Sun. Nov 27th, 2022

It’s not so much the specifics of the rules and the fact they are now enshrined in the laws of the game, but the message this move sends to the golf and non-golf worlds alike.
Golf’s unique ability among sports to cater to a remarkably wide range of the population – including those with disability – is one of its greatest strengths.
Yet it’s one we don’t make enough of, particularly in an environment where the public game is constantly under threat.
Almost no other sport can simultaneously cater to everyone from a five-year-old and a 95-year-old plus a golfer with paraplegia, an amputee or someone who is blind.
Those who campaign against public space being used for golf never think of any of this, of course, and that is a perception it is up to golf to break.
“In the past week three separate examples have stood out about the important role golf can play in the lives of those with disability and all three highlight why it’s important the game lean into this unique ability.” – Rod Morri.
As an industry, the game has done a poor job of telling those stories and, if we’re being honest, probably not done a great job of embracing the notion of diversity from within.
But in a world where devoting resources to public golf is coming under increasing scrutiny, both of those realities need to change.
In the past week three separate examples have stood out about the important role golf can play in the lives of those with disability and all three highlight why it’s important the game lean into this unique ability.
The first came from Sandy Jamieson on Twitter with a post about a regular at his weekly All Abilities One Club sessions at Oakleigh public course in Melbourne.
Sandy’s tweet showed student Anthony who completed nine holes for the first time and his joy is obvious.
Meet Anthony
Who participates in our all abilities 1club sessions weekly
Today was massive for him as he completed 9 holes for the very first time
Golf is amazing #publicgolf @GolfAust @DavidGallichio @AndyMaherDFA @karenharding123 @KazLunn @Rod_Morri @CHamiltonGolf pic.twitter.com/0emVO9d9zP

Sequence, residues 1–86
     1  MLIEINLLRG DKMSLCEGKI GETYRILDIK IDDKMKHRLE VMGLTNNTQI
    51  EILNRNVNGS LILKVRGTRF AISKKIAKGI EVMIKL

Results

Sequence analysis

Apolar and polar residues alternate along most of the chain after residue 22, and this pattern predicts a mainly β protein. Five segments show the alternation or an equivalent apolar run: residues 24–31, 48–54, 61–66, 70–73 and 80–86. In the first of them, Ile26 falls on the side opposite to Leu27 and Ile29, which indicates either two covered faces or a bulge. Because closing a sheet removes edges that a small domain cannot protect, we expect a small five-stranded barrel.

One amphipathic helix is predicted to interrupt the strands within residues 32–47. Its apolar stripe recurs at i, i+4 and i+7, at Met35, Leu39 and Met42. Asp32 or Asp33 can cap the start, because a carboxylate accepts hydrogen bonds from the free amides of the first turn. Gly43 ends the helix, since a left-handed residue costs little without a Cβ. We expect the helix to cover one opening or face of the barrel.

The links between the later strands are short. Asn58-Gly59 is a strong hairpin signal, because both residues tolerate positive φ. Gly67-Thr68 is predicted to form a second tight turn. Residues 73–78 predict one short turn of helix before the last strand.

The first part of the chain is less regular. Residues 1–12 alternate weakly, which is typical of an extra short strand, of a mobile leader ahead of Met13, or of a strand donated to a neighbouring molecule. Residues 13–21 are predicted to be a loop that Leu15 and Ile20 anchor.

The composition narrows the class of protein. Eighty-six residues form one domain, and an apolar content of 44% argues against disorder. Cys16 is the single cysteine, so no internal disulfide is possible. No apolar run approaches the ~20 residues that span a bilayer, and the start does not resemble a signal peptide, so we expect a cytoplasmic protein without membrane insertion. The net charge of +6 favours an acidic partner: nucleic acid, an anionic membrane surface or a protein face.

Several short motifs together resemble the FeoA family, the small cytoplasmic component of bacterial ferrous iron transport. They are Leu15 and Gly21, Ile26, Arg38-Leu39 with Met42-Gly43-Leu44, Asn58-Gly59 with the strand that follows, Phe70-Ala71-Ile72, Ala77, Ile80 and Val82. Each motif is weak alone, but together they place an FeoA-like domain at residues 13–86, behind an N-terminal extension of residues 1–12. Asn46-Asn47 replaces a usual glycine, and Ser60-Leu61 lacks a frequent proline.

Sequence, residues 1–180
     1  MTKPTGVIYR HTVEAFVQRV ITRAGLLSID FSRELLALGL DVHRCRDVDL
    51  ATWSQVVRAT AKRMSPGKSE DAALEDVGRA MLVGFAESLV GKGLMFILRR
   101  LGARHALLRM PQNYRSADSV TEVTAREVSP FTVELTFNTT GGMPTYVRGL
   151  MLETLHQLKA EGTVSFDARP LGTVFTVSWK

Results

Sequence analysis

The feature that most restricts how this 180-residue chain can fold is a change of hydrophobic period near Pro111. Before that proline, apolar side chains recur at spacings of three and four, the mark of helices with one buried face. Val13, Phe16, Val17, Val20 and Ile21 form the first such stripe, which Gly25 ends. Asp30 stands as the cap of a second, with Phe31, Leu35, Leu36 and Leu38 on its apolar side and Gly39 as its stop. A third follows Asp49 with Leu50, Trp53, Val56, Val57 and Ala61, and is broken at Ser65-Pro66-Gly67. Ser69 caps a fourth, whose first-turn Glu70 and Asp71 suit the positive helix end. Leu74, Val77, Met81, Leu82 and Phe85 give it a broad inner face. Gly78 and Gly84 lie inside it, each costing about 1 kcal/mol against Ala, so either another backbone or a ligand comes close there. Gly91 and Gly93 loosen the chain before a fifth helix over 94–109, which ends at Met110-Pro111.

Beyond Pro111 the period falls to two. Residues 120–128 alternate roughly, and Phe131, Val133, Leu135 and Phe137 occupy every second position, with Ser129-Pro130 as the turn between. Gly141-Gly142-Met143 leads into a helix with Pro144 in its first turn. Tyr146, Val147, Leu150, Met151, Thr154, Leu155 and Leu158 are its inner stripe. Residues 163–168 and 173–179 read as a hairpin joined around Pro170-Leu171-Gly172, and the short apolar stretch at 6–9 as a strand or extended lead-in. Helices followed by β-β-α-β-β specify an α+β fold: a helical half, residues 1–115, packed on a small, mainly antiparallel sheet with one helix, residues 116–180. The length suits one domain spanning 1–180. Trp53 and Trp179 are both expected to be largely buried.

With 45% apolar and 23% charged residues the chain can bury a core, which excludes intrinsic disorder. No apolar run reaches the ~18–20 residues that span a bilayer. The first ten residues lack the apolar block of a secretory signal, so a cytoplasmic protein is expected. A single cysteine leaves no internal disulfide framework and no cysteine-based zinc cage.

The second came from the Good-Good golf podcast (yes that is shameless self-promotion as I am a co-host) and a lengthy discussion with Empower Golf’s James Gribble. (Listen HERE)
James – who uses a paragolfer as he has quadriplegia after a fall in 2008 – was on the show to talk about why the addition of the new rules was important.
However, the discussion quickly morphed into one about inclusion and golf’s unique place among all recreational activities to lead the way in this area.
The third reminder came from another podcast interview, this time from the upcoming episode 79 of this magazine’s own show, The Thing About Golf.
The episode will be out Wednesday and the guest is Tony Blackburn from the Golf In Society organisation in the UK.
Golf In Society was founded by Tony and works with people with dementia, Parkinsons and other chronic conditions to both introduce or reacquaint them with golf while also offering respite for those who care for them.
The common thread linking all three of these stories is the realisation and recognition that golf is about much more than numbers and scores and hooks and slices.
It’s not about professional golf or the latest driver or which is the best GPS watch to get.
For many people, golf is far more important than any of that and for many, many more it could be.
The R&A and USGA have sent a strong statement with the addition of Rule 25 to the game.
It is a move which takes seriously those with disability who want to participate beyond just a recreational level and that is what genuine inclusion looks like.
Now the rest of the game – and in particular those who are custodians of public golf – need to advance the same cause as much with actions as with words.

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By admin